Finance Minister Euclid Tsakalotos on Monday reassured Greece’s creditors that he will attend Thursday’s Eurogroup meeting with “specific” positions on all pending issues though the most Athens can hope for is a decision to reboot stalled bailout negotiations.
European officials told Kathimerini that not enough progress has been made for foreign auditors to return to Athens. What is likely to be decided on Thursday is what the conditions for them to return will be.
The new deadline for Athens is the next Eurogroup – on February 20 – where it is hoped that a dragging bailout review might be finally concluded.
There was one positive development on Monday: The European Stability Mechanism decided to approve the implementation of short-term debt relief measures for Greece. Those were decided on last May but frozen in December in response to a unilateral decision by Prime Minister Alexis Tsipras to offer Greek pensioners a Christmas bonus and extend a value-added tax discount for Aegean islands.
The government does not appear well-prepared for the relaunch of talks. After suggesting over the weekend that creditors’ demands for further lowering the tax-free threshold were being negotiated, Economy Minister Dimitris Papadimitriou on Monday shifted stance, declaring that the government’s “fixed position” is to keep the threshold as it is.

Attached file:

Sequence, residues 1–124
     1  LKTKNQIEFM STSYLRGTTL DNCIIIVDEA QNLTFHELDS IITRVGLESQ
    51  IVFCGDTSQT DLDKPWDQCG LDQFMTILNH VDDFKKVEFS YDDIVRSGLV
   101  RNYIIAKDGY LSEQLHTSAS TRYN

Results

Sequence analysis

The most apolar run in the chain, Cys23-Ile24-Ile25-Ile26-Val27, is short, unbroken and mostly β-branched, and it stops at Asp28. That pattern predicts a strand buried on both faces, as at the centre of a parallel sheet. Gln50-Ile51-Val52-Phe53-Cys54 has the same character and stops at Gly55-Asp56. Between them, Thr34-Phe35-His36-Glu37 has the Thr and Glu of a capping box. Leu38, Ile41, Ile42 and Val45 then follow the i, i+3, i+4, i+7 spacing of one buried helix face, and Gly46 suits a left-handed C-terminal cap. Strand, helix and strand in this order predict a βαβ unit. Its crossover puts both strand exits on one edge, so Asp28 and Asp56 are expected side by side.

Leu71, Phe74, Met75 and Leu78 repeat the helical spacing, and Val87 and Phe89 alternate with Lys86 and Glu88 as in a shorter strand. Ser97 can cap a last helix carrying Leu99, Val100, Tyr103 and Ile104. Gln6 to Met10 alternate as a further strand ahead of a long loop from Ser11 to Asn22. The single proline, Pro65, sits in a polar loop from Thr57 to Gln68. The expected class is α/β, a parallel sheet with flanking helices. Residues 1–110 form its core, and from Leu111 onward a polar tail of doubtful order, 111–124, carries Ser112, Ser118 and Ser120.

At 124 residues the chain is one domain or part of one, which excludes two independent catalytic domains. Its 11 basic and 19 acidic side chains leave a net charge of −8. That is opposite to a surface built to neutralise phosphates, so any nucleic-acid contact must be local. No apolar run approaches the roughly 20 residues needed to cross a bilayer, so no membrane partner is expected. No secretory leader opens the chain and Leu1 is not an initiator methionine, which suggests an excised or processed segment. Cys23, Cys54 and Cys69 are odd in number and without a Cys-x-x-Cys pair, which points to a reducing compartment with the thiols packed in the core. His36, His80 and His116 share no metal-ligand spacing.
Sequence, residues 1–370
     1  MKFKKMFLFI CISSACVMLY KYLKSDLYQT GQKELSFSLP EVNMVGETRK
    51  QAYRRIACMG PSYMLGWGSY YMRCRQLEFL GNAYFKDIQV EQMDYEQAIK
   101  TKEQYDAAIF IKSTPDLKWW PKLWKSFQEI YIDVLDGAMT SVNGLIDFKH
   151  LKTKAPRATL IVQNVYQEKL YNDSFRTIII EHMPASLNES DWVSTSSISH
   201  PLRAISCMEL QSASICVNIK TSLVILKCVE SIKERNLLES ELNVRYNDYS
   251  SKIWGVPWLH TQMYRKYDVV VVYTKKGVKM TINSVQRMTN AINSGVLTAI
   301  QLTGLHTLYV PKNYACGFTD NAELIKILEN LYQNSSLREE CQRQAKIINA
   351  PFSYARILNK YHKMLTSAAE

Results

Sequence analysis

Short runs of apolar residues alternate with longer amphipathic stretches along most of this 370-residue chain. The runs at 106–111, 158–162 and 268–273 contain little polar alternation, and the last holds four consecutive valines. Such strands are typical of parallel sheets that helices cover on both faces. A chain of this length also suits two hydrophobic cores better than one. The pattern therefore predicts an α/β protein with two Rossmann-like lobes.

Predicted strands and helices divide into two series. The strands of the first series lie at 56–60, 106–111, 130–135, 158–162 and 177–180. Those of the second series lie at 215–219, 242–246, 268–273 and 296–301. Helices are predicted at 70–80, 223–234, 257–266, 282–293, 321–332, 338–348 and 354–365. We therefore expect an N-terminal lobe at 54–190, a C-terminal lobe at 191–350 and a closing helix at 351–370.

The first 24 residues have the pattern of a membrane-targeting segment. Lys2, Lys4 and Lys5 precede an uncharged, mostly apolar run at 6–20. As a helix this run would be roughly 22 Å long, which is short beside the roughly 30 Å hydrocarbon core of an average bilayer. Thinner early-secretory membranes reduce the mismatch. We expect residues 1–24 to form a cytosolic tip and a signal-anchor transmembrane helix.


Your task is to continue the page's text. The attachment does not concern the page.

Tsipras is keen to avoid further concessions to creditors as coalition MPs are already expressing discontent about the pressure being exerted by creditors, particularly the International Monetary Fund, for more austerity.
MPs want him and Tsakalotos to secure more substantial debt relief and lower primary surplus targets in exchange for any further measures.
So far Athens has rebuffed IMF demands for further pension cuts and reduction of the tax-free threshold but has indicated that it will agree to extending the implementation of an automatic fiscal mechanism, dubbed “the cutter,” beyond 2018.
Separately on Monday, the results of a parliamentary probe into financing of political parties and media organizations – championed by the government as a crackdown on corruption – failed to yield any evidence of criminal activities by politicians.